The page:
The following are some of the key design parameters for the above described embodiment. If trim resistor width (160 in FIG. 2D) is too large then heat coupling into the trim resistor 60 is non uniform and the resistor acts as a heat sink. The resistor should therefore be less than one micron in width although the exact value will depend on the technology used. Parallel resistor structures with heating elements inserted between can allow design methods to overcome this limitation. The use of parallel resistor fingers can allow for thermal resistor control trim engineering of the different resistor fingers during the trim process, hence adding another degree of freedom to the trimming method describe above. In order to maximize the heat coupling between the heating element 70 and the trim resistor structure 60 the separation between these elements must be minimized. Design constraints on this separation include the breakdown voltage characteristic of the dielectric material 110 between the structures, and the capacitive coupling between the trim resistor structure 60 and the heating elements 70.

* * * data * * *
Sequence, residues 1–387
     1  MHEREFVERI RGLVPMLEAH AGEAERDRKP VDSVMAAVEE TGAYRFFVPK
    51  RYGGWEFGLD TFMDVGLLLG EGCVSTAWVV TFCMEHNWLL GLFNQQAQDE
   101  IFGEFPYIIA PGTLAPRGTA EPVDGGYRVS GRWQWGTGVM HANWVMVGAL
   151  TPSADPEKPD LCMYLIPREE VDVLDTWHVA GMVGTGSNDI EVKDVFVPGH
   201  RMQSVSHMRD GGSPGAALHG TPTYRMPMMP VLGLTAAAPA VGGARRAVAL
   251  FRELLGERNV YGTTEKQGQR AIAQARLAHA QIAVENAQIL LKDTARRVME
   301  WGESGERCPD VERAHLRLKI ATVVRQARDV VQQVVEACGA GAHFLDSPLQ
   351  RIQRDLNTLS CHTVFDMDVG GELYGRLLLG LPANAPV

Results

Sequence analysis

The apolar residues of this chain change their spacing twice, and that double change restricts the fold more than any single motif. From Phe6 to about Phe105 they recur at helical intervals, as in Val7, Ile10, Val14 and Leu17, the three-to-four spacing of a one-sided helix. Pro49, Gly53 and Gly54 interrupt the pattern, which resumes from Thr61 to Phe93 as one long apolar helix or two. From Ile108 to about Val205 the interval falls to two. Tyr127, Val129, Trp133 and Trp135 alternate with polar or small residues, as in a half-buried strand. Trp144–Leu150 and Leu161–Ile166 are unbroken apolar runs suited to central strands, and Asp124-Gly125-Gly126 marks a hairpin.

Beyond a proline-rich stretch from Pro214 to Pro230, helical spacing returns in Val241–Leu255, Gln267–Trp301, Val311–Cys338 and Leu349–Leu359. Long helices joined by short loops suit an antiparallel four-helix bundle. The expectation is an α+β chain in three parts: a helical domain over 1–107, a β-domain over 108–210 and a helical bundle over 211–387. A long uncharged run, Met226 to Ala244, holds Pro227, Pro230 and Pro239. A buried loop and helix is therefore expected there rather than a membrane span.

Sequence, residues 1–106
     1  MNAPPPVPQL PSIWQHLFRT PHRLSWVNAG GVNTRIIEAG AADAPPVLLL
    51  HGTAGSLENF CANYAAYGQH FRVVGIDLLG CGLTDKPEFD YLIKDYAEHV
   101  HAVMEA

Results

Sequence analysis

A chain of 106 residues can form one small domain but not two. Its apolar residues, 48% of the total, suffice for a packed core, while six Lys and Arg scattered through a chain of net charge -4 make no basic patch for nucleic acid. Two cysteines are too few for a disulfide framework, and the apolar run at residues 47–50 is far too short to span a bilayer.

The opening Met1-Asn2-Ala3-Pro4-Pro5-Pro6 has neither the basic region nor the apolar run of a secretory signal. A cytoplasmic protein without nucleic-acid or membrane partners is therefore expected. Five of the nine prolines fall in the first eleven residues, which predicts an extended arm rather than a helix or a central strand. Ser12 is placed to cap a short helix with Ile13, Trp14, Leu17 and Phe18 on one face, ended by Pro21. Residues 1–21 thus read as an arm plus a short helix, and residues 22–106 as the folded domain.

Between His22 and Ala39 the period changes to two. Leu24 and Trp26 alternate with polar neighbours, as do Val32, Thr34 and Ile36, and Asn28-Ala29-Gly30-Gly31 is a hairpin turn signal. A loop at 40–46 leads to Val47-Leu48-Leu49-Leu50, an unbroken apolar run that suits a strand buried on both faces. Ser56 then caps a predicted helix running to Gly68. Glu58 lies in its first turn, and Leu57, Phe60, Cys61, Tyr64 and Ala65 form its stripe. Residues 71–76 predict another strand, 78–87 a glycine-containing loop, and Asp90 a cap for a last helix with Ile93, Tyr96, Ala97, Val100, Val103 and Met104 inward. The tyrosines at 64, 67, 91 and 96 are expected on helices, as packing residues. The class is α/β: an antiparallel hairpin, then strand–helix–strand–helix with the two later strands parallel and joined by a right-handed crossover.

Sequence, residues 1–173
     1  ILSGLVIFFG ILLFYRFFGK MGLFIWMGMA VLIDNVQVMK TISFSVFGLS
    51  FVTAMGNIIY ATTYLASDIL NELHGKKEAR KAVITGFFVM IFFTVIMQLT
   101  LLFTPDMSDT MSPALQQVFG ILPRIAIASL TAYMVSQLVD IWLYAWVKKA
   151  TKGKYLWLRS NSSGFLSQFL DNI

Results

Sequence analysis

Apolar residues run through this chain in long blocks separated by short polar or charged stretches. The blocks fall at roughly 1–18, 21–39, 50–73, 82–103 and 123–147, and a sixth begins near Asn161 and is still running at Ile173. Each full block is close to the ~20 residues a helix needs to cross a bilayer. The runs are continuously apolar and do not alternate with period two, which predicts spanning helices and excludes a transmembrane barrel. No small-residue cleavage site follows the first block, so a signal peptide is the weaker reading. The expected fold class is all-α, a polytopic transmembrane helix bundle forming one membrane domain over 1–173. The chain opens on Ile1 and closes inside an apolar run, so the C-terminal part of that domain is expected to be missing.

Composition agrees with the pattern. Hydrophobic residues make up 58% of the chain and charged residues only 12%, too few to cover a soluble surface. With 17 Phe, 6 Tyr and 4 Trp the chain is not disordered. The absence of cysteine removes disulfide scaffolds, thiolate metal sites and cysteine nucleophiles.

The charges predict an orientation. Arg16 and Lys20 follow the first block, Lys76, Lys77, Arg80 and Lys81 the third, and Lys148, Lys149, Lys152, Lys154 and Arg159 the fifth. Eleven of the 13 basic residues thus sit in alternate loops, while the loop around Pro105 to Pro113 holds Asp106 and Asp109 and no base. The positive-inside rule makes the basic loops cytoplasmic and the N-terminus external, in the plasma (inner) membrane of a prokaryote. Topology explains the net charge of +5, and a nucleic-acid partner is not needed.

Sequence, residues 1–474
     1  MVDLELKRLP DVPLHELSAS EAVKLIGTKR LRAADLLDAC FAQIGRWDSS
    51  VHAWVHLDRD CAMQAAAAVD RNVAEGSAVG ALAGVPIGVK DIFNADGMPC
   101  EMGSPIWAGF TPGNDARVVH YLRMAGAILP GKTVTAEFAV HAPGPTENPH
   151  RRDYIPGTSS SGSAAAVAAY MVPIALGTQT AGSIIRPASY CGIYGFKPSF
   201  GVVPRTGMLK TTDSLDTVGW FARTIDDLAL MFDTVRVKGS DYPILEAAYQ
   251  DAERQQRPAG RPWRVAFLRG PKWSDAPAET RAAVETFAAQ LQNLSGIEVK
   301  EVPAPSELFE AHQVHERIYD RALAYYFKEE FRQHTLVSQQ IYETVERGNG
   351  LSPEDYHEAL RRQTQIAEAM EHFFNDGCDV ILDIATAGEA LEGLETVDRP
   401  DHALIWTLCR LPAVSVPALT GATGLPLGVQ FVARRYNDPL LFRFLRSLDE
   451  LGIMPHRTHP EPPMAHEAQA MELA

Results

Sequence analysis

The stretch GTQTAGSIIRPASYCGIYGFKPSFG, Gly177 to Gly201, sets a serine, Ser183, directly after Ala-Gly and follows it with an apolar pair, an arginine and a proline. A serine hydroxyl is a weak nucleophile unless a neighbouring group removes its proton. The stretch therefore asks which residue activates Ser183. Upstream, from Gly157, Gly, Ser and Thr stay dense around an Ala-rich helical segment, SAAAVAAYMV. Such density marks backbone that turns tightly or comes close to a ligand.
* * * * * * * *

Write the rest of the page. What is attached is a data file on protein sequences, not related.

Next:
In general, for the structure shown in FIG. 2C to function as a heat augmented programmable fuse, the heating pulse applied must be such that the resistor structure 60 will form an open circuit under nominal current conditions. Another embodiment of the structure of FIG. 2A-2D as a programmable fuse is shown in FIGS. 4A-4B. As shown in FIG. 4A, a silicide film 200 is formed on the transistor gate structure 80 and a silicide film 201 is also formed on the resistor element 60. A silicide block layer can be used to prevent formation of silicide on the heating elements 70. In addition to the formation of the silicide film 201, in this embodiment element 61 is undoped. Without the application of heat to the programmable fuse structure (which comprises 61 and 201) the silicide film is highly conductive and a low resistance exists. If heat is applied to the fuse structure 61 and 201 via the application of voltages to the heating elements 70 then the silicide film 201 will agglomerate and break resulting in the high resistance of the undoped structure 61. Thus the application of heat via the on chip heating elements will perform the programming function of the fuse structures. Shown in FIG. 4B is a plan view of the fuse 201/61 and heater elements 70 for an embodiment of the instant invention.